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Re: Theos-World Re: Here is the visualization quote

Sep 06, 2006 07:48 AM
by adelasie

Hi Jake,

Thanks, that helps me to understand a bit better. You see a Master as 
a being outside of yourself, someone else, so to speak. In that 
context, your comments make sense. But what if we accept the idea of 
the whole of humanity being one entity, a pyramid, if you will, with 
the Christos at the pinnacle, people in incarnation, like you and me, 
at the base, and the hierarchy of Masters in ranks forming the rest 
of the pyramid? The base is the differentiated outer physical body, 
dwelling on the physical plane, and all the rest is interior, 
dwelling on spiritual planes. In that sense, the Master, the 
Christos, is the composite of all, the "Perfected Man and Master," 
the "Watcher on the Threshold," offering spiritual sustenance and 
guidance to any who ask. One way we on the exterior can consciously 
ask for such help and guidance is to imagine that Perfected Being in 
our own heart, where in fact He is, since the center of all things is 
the same center, our individual heart being our center, and the 
Christos being at the absolute center of humanity. It is not so much 
a matter of disturbing someone else as it is becoming conscious of 
our own real identity, as integral parts, hands and feet so to speak, 
of the Master, He who has sacrificed all to wait for us to evolve 
back to the Absolute

>      Well, for one thing, it seems strange 
> to me to visualize someone else "in the 
> heart" as a spiritual source, when one 
> has HIS OWN spiritual source in the heart.  
> The goal, seems to me, is to get in 
> touch with one's own spiritual source, 
> and not head in the direction of 
> depending on someone else's spiritual 
> source instead.  It seems out of character 
> with the Theosophical idea of self-reliance.  
> I've got to think that any "adepts" 
> want left alone basically, and not 
> have people visualizing them all 
> the time. 

Perhaps the word "visualization" is a hang up. Consider using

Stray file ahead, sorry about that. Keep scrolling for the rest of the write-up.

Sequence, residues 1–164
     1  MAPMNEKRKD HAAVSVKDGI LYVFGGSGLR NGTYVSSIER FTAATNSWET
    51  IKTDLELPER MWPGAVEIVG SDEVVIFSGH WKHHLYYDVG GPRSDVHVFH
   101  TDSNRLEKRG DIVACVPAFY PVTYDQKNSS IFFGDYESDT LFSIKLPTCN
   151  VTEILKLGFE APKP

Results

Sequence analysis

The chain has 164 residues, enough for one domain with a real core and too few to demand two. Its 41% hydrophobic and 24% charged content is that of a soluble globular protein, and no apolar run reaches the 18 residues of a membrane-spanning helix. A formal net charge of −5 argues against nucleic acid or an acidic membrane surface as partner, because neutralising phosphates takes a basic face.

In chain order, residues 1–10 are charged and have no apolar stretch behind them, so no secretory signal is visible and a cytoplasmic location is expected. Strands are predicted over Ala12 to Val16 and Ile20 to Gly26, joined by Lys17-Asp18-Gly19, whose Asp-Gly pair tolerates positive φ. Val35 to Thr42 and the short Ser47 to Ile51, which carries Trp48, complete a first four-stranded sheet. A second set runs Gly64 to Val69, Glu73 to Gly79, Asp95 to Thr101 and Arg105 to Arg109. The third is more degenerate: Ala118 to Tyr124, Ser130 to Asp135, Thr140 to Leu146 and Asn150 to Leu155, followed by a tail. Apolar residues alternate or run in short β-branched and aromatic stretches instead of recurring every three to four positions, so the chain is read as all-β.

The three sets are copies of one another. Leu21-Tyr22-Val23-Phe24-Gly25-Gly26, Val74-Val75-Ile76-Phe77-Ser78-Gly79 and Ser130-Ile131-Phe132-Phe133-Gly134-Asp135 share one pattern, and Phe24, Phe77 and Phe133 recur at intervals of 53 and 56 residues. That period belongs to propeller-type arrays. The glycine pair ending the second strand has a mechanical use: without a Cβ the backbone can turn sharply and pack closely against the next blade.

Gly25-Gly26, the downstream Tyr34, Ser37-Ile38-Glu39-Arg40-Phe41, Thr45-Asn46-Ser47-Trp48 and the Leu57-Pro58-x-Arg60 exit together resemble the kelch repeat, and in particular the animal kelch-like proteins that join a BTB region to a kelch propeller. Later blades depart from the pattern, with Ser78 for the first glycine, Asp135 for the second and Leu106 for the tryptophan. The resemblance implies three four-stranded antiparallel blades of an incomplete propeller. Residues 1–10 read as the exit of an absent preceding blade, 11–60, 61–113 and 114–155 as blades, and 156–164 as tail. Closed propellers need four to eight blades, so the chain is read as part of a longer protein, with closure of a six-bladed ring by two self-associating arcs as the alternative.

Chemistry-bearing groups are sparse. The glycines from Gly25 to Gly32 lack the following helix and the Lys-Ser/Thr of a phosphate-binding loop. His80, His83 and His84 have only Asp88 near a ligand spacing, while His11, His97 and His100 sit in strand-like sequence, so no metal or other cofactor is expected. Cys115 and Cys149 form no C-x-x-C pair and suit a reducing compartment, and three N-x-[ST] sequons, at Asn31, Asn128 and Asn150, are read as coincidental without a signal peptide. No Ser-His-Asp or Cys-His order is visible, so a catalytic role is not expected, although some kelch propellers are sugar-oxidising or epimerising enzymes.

"imagine," or "realize," the Master as a living part of yourself. 
There is a lot of New Age confusion about visualization rampant, and, 
while I don't wish to criticize another's path, I see danger in using 
visualization as a technique for manifesting personally beneficial 
material conditions. That way lies black magic and a lot of Karma to 
pay. Anything we do needs to be subject to review, to make sure our 
motive is altruistic, not selfish. We can be sure, however, that our 
thoughts can have positive effect, perhaps not in the immediate 
sense, but in the composite scheme of things. It is always 
recommended that the student give help to those in need in whatever 
manner he or she can, the more "hands-on" the better. But what is the 
student to do when he is aware of massive starvation in Aftica? Most 
of us can't really go there and start handing out food. But we can 
hold our African brothers and sisters in our hearts, seeing them 
happy and healthy, with a sincere desire to help, and those 
conditions will one day manifest, as surely as if we had the magical 
power to make it so. Because we do, and as long as our desire is for 
the benefit of all, what we imagine will come to pass. 
  As Barbara also infers, visualization is 
> something "easy" to do, and people who think
> they are causing big results, may actually be
> accomplishing - Nothing.  "Sending good
> thoughts out into the world" - like some
> Buddhist do, is it good?  I don't know, maybe
> it is.  But it is certainly not practically
> as good as one solid thing one does to improve
> the world, like helping the homeless ad.
> infinitum, etc. - that is Difficult and one
> can see the results of. 

I appreciate the dialog, Jake. We can help each other understand in 
this way and it seem very valuable to me. 



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